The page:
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California Earthquakes

Updated on February 11, 2015

Slight bend in the railroad tracks. Bakersfield, California 1952

Check out this site for other amazing pictures of  disasters. Their tag line is "Events that touched our Ancestor' lives". Great source for genealogists and family historians.
Check out this site for other amazing pictures of disasters. Their tag line is "Events that touched our Ancestor' lives". Great source for genealogists and family historians. | Source

Don't believe everything you hear

For most people, earthquakes are scary. For some, they would be fun if there weren't things to fall down. For all of us, earthquakes can't be predicted so they remain something that is always in the back of our minds. I thought I would share some of my experiences, myths, and some safety tips.


Living through an earthquake - This is a sight I remember well

Faultline Cracks Near Bakersfield
Faultline Cracks Near Bakersfield | Source

USGS is my favorite site. If you live in Southern California, it is important to know instantly where the earthquake you just felt is located and what the magnitude happens to be.

Southern California has four seasons. There is winter, summer, fire and earthquake. Earthquake season is sometimes referred to as "Shake and Bake", because to those of us who grew up here, earthquakes seem to be more prevalent when it is hot. Cal Tech will tell you otherwise but no one is surprised when there is an earthquake during a heat wave. If you live here, you will live through earthquakes but no matter your age, you never forget the first one.

On July 21, 1952, there was an earthquake in Kern County, CA, just before 5:00 am Pacific Time. It was named for the county because it was felt over 160,000 miles. The main shock was a magnitude 7.5. There was damage as far as Las Vegas, NV and a building damaged in San Diego, CA.

The earthquake caused major property damage and killed 12 people. It caused significant damage to the ground as well and for many years the damage was visible as you drove North on Highway 99, now Highway 5. There were major aftershocks on the date. One measured 6.4. These caused additional damage.

What is not visible is the fear that it created in the children. We lived in Bakersfield, CA. I was three-years-old. Do not let anyone tell you that a child of that age does not remember major events. I have very clear memories of standing in the hallway. My mother said that she was holding me and my dad was holding my baby brother. It was the topic of conversation for many years because I remember standing on the floor. Eventually, my dad said that my mother did set me down. We were standing in a line, my dad in front, my mother and then me. The hall was long and we were standing close to the front room, next to the wall heater.

Although I cannot describe the sound of bricks falling, I could identify the sound if I heard it again. The library down the street lost the brick facade. Thank goodness, we were in a wood framed house. The wood shifting was loud and we could hear the plaster walls cracking.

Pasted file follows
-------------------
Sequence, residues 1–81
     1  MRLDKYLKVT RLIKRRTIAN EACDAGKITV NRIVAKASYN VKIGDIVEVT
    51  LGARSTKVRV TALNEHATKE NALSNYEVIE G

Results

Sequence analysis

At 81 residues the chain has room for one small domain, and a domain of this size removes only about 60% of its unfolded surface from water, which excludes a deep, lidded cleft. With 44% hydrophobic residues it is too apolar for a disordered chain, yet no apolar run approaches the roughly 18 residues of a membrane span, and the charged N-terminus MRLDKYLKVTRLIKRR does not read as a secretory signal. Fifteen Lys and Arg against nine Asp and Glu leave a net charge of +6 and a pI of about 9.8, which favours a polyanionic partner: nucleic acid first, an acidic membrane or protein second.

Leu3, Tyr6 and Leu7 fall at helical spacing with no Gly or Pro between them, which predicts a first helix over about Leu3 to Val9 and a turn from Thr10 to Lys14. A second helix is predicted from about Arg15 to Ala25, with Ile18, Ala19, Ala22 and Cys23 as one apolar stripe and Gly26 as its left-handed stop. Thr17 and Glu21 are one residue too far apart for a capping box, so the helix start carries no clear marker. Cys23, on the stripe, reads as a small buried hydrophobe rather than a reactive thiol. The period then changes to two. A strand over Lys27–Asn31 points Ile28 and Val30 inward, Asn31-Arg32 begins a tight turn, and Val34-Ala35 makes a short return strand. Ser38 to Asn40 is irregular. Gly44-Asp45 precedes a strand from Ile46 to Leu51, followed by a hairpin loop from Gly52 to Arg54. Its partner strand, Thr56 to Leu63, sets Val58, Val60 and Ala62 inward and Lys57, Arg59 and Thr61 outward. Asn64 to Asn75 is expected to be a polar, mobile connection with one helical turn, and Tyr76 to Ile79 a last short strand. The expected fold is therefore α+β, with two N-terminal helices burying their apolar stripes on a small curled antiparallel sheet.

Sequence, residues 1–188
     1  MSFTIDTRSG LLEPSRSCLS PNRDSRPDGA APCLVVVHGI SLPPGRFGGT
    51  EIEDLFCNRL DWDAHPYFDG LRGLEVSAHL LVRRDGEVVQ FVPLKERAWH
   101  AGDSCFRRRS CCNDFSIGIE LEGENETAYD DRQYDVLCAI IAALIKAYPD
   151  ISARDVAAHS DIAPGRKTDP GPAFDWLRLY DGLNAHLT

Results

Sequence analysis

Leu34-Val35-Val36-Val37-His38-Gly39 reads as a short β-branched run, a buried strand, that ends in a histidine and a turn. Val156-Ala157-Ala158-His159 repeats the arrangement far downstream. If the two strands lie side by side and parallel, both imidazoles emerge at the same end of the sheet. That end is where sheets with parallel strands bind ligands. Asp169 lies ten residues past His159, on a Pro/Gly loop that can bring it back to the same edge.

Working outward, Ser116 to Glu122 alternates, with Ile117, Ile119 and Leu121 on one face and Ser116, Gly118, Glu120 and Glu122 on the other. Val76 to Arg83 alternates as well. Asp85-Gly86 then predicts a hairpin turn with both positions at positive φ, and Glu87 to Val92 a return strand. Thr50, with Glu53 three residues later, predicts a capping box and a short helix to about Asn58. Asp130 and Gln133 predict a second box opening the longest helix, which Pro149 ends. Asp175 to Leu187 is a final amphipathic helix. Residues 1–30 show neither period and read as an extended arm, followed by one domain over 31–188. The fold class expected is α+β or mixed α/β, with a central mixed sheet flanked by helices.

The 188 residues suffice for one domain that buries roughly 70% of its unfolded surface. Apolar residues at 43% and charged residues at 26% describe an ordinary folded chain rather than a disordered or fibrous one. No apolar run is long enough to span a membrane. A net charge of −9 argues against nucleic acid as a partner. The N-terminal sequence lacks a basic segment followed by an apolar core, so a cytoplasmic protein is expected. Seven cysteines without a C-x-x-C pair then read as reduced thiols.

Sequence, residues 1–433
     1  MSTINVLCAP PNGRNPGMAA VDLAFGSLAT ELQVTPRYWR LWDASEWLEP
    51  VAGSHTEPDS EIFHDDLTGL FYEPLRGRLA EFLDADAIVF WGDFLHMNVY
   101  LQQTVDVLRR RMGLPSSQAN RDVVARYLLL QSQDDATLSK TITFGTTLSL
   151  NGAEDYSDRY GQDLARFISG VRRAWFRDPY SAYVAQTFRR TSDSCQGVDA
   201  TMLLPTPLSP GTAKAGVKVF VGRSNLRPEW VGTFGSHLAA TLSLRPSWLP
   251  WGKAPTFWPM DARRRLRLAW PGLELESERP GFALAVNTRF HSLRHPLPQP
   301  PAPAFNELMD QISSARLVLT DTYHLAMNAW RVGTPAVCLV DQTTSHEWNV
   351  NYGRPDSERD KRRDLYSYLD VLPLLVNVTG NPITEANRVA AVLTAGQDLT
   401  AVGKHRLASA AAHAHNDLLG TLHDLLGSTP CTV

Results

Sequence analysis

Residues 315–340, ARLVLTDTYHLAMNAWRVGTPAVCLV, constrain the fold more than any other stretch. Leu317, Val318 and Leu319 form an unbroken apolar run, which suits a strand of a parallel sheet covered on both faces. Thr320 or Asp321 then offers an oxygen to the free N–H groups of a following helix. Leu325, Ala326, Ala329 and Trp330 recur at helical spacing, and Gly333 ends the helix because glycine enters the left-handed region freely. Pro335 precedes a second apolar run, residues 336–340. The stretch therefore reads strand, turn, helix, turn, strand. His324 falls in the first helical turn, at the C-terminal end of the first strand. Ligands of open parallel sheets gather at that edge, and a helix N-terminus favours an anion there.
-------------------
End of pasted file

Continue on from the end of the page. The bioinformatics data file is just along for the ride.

On August 22, 1952, there was an aftershock at 3:41 pm Pacific Time. It was centered closer to Bakersfield. The magnitude was 5.8. The magnitude does not matter when you are three. My brother cried every time there was an aftershock. What matters is that you feel that your world is not safe. The ground should not move. The aftershock killed an additional two people. There was more damage to downtown Bakersfield. Given that there were more than 18 aftershocks of 5.0 or greater, many structures were already weakened.

We moved to Los Angeles shortly after the earthquake. The shifting of the ground stirred up the dust and many people developed San Joaquin Fever. My dad was one of them. The fever, also known as Valley fever, is a fungus that grows in arid soil. Earthquakes disturb the soil and the spores become airborne.

I have lived through every earthquake in Southern California. I feel earthquakes my family does not and always pull up the USGS (U.S. Geological Survey) site to prove that I am not crazy. Because I have always lived here, I think that it is important to be prepared. I may be overzealous in my earthquake preparations but have discovered that at the start of any earthquake, I am back to being a three-years-old. Intellectually, I understand what is happening but emotionally, I will always be the frightened child.

Earthquake Must-haves

Anker 14W Dual-Port Solar Charger with PowerIQ Technology
Anker 14W Dual-Port Solar Charger with PowerIQ Technology

I didn't know this was out there. I am getting it for camping but also for emergency use. What a great idea!!!!!

 
Shake Flashlight Magnetic Induction Bright LED Rechargeable Flash Light
Shake Flashlight Magnetic Induction Bright LED Rechargeable Flash Light

The prices has come way down. I paid a whole bunch for mine and have had it for many years. It is our go-to flashlight in any power outage.

 

"E ticket ride"

I had the privilege of hearing Kate Hutton, a well-known CalTech Seismologist, speak. She said if there was nothing around to cause damage or injury, earthquake experiences would be an "E ticket ride". Disneyland sold "E" tickets until the 1980s. They were for unusually interesting, thrilling or expensive rides.

Our "E Ticket Ride" started at 4:58 am, on June 28, 1992, when the most powerful US earthquake in 40 years literally rolled us out of bed. The magnitude 7.4 earthquake, centered in the town of Landers, California, woke us up. The rolling motion was so great that to sit up was difficult and it was easier to roll to the edge of the bed and let the momentum do the rest. It felt like it would go on forever but eventually stopped.